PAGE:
Mindfulness training reduces dropout rates and relapses in opioid addiction treatment

Supplementing standard opioid addiction treatment with Mindfulness Oriented Recovery Enhancement (MORE) -; an intervention that incorporates mindfulness training, savoring skills, and cognitive reappraisal -; cuts program dropout rates by 59 percent and relapses by 42 percent, according to Rutgers-led research.

These trial results come from Rutgers Health amid unprecedented opioid abuse. An estimated 10 million Americans misuse opioids or have opioid use disorder, while annual overdose deaths have exceeded 80,000.

Treatment with methadone or buprenorphine – alone or in combination with cognitive behavioral therapy – is imperfect. Half of all people drop out of treatment within a year, and half of all people who continue treatment keep using opioids.

"Better treatment protocols could save thousands of lives per year, and the data we have from our pilot study and this phase II trial suggest mindfulness training may create a genuinely better treatment protocol," said Nina Cooperman, an associate professor of psychiatry at Rutgers Robert Wood Johnson Medical School and first author of the study published in JAMA Psychiatry.

Mindfulness training teaches people to focus on the present moment, without judgment, and on sensory inputs such as the feeling of breathing in and out. Previous studies demonstrating that such training can prevent addiction to opioid pain medication led Cooperman's team to ask whether similar techniques could help people who already have an opioid use disorder.

A small pilot study found that mindfulness training combined with methadone treatment produced good outcomes. The pilot's success paved the way for this larger study, which, in turn, has justified two large-scale studies that could change standards of care.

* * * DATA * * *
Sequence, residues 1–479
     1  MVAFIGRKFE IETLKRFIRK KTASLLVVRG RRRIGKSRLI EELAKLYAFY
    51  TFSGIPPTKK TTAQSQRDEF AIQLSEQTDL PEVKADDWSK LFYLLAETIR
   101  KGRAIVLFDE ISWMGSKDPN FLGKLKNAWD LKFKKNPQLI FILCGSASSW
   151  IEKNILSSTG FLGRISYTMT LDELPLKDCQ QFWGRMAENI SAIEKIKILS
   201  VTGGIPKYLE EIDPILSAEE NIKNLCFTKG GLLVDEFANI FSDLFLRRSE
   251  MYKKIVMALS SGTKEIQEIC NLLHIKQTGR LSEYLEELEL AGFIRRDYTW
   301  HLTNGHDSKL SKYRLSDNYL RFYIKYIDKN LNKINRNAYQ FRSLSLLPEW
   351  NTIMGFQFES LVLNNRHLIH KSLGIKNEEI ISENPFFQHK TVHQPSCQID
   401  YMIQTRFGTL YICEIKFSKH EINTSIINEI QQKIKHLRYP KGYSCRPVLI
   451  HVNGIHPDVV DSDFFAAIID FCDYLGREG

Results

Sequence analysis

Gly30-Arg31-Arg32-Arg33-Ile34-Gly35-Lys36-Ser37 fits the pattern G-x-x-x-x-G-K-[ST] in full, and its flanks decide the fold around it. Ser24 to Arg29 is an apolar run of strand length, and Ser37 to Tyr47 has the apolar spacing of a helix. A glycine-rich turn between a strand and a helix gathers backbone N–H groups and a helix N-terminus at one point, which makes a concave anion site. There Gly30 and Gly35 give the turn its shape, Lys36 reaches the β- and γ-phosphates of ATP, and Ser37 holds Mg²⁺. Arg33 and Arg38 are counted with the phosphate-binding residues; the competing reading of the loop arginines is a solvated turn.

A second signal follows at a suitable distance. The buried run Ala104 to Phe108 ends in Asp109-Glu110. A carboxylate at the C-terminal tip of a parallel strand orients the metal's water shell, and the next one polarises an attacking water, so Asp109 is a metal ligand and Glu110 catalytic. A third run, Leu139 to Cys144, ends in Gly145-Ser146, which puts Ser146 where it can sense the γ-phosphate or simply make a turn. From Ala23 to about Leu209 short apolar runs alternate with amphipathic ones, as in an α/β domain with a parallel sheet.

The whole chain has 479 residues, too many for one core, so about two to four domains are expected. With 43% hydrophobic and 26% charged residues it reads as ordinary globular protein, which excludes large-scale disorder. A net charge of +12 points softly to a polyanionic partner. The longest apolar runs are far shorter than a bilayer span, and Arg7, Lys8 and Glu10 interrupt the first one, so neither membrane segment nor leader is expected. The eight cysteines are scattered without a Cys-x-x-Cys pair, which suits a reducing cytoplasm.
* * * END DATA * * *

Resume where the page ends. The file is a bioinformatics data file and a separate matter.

The current trial provided eight two-hour sessions to 77 of 154 patients in methadone treatment for opioid use disorder.

"Opioid use disorder changes your brain so that opioid use becomes the only thing that feels rewarding. MORE helps people retrain themselves to find healthy experiences rewarding again by focusing mindfully on the taste of a meal, the beauty of a landscape or the smell of a flower," said Cooperman, who added the program literally includes observing and smelling roses during sessions.

Mindfulness training also gives people another tool for handling cravings.

Cognitive behavioral therapy, which is common in treatment programs, teaches people to reframe their thoughts and distract themselves from cravings. Mindfulness training teaches them to stay present with the craving and notice that they pass. Both strategies can work, so both are valuable."

Nina Cooperman, associate professor of psychiatry, Rutgers Robert Wood Johnson Medical School

The success of mindfulness training in Cooperman's study may stem from its ability to help patients manage pain. Most patients began the study with significant chronic pain -; and, thus, a strong incentive to use pain-killing opioids -; but patients who received MORE reported a 10 percent reduction in pain over the 16 weeks of the study.

Looking forward, Cooperman and her team are working on larger studies, which are designed to provide further evidence for the efficacy of MORE and to optimize protocols for use in the real world.

"We still have lots of open questions. How can we train clinicians to implement MORE in treatment programs? What is the best structure for implementing MORE-;in-person or virtual? Our current research is working to answer some of these questions," Cooperman said. "The findings from this study suggest MORE really can improve outcomes for a lot of people in substance abuse treatment."

Source:
Journal reference:

Cooperman, N. A., et al. (2023). Telehealth Mindfulness-Oriented Recovery Enhancement vs Usual Care in Individuals With Opioid Use Disorder and Pain: A Randomized Clinical Trial. JAMA Psychiatry. doi.org/10.1001/jamapsychiatry.2023.5138.

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